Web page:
Since the online education environment was new, I sought to standardize both the classroom experience and the way students accessed information and resources for the course. For example, every online course’s syllabus followed a standard template. The online classroom was set up the same for every course with lists of resources, reading materials, and assignments in the same place.
Once students “learned how to learn” in the online classroom system, they would know how to navigate future online course offerings.
Successes of Online Course Design
Later in 1997, the UCF course went live and worked as designed. The Virtual Institute also went live and was a huge success, winning the American Society of Association Executives (ASAE) Innovation in Training award that year. Little did I know it at the time, but it seems I had successfully created the first online training institute in the U.S. (and probably the world). Those opportunities some 25 years ago laid the groundwork for the next years of my life’s work.
I spent the next 20-plus years designing online education courses, working with colleges and universities interested in developing an online presence, and constructing online training centers and corporate universities.
Today, as Criminal Justice Program Director for American Public University System (American Military University and American Public University) I lead a department of approximately 60 faculty members who provide higher education in the online environment. The university offers graduate degrees, undergraduate degrees, certificates, and learning tracks, all in a 100-percent online classroom, serving thousands of students every year and helping them to reach their educational goals.
Thankfully, instructional designers no longer have to hand-code HTML to create an online course. I have worked with many different LMS programs over the last 20 years that provide robust platforms to convey content to students and create engaging student learning environments. Consistency, continuity, and customizability all come together to enable our faculty to create engaging classroom environments without formal instructional design training.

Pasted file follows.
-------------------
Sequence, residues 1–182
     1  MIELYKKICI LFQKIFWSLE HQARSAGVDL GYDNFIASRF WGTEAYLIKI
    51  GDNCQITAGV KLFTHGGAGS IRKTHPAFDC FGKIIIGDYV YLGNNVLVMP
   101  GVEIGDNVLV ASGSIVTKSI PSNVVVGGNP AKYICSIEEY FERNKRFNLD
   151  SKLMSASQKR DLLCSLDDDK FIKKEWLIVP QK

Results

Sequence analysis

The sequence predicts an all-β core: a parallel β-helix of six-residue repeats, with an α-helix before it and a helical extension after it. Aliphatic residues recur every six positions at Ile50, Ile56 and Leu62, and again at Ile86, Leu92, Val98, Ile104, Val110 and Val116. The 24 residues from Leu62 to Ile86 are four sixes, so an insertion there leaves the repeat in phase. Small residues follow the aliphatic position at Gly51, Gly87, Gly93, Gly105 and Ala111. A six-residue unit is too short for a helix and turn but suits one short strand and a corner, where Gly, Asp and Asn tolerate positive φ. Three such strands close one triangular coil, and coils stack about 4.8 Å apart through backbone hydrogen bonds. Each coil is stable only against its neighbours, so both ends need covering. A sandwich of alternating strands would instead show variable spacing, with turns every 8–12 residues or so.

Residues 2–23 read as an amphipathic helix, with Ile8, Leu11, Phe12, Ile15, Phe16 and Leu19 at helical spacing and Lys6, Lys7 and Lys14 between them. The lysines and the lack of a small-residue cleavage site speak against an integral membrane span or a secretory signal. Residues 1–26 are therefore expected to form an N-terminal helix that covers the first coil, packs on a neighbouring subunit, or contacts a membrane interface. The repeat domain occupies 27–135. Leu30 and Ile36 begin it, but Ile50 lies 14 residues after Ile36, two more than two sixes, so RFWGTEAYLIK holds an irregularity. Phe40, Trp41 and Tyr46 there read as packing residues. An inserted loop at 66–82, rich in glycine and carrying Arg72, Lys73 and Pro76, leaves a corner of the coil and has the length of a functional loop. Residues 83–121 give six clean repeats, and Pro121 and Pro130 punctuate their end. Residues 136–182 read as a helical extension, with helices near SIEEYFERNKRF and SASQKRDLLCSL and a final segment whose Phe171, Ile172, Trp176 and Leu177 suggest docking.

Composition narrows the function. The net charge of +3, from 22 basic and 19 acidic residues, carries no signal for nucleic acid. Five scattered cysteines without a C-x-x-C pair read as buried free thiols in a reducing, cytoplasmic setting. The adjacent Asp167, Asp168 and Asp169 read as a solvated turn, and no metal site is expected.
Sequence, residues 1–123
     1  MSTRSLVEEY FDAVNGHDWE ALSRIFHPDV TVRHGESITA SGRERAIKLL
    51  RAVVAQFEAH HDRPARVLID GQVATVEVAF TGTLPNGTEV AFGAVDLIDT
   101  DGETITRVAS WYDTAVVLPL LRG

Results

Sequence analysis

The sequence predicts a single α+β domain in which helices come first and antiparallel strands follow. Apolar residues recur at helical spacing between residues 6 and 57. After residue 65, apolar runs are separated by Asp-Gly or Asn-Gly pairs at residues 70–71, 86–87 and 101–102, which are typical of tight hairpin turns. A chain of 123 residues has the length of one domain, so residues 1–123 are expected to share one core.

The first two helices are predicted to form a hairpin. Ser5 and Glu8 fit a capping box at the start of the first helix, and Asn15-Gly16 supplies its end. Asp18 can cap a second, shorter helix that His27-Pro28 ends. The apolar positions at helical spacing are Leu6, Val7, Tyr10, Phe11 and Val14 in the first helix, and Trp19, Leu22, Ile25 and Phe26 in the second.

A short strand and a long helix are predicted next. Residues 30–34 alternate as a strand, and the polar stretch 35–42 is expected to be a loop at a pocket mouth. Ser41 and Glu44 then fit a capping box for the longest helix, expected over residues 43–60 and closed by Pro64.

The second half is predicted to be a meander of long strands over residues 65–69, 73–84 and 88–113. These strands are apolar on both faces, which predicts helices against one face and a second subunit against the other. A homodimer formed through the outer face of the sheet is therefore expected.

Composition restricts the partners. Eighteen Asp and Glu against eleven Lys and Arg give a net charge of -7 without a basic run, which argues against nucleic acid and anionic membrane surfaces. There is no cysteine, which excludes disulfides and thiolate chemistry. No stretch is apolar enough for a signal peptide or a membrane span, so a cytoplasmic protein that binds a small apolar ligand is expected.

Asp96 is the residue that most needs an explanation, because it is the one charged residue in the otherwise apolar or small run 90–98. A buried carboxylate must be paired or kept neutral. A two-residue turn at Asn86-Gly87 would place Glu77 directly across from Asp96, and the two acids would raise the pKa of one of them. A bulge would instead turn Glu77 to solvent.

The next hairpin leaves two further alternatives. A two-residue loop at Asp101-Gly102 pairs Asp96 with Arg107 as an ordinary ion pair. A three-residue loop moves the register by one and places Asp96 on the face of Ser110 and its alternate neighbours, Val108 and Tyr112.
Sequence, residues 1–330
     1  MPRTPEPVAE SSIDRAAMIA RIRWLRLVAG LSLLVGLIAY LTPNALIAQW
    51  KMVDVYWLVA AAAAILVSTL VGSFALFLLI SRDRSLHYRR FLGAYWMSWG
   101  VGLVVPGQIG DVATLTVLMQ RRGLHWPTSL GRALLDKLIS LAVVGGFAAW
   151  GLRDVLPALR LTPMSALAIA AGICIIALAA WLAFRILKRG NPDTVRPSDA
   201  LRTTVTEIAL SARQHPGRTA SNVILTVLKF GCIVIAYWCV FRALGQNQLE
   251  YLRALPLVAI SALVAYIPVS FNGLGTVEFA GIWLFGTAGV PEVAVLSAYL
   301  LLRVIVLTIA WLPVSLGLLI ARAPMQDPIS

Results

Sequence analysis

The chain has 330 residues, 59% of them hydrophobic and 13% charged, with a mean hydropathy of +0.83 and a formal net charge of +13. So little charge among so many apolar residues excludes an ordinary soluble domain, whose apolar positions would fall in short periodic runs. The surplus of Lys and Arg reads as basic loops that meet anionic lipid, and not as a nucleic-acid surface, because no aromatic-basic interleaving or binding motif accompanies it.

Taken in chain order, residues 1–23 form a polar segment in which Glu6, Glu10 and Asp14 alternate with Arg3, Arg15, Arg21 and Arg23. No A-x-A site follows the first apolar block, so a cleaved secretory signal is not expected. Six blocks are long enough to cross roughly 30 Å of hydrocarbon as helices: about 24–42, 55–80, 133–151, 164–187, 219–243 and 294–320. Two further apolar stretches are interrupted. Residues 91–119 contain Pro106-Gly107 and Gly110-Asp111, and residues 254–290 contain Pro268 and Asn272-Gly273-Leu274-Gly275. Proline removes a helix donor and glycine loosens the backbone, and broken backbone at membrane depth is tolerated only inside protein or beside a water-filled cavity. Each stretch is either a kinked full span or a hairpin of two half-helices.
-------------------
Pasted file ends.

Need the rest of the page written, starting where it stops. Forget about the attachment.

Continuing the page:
The Future of Online Education
While I don’t necessarily see myself doing this for another 25 years, I continue to look to the future to anticipate, predict, and design courses to meet upcoming challenges. Ten years ago, we would never have anticipated the sheer number of students using mobile devices to access course content. Now it is a design variable that can’t be ignored and course content must be accessible through these devices.
Today, instructional designers must prepare course content that can be delivered by wearable technology. Whether via smart glasses or smartwatches, lessons and other course content must be designed in a way that it can be delivered to students who have these devices. Universities that seek to succeed in the online environment of tomorrow must prepare today to deliver content via wearable tech or else student satisfaction, and ultimately student enrollment, will suffer.
About the Author: Dr. Chuck Russo is the Program Director of Criminal Justice at American Military University (AMU). He began his career in law enforcement in 1987 in Central Florida and was involved all areas of patrol, training, special operations and investigations before retiring from law enforcement in 2013. Dr. Russo continues to design and instruct courses, as well as act as a consultant for education, government and industry throughout the United States and the Middle East. His recent research and presentations focus on emerging technology and law enforcement applications, in addition to post-traumatic stress and online learning.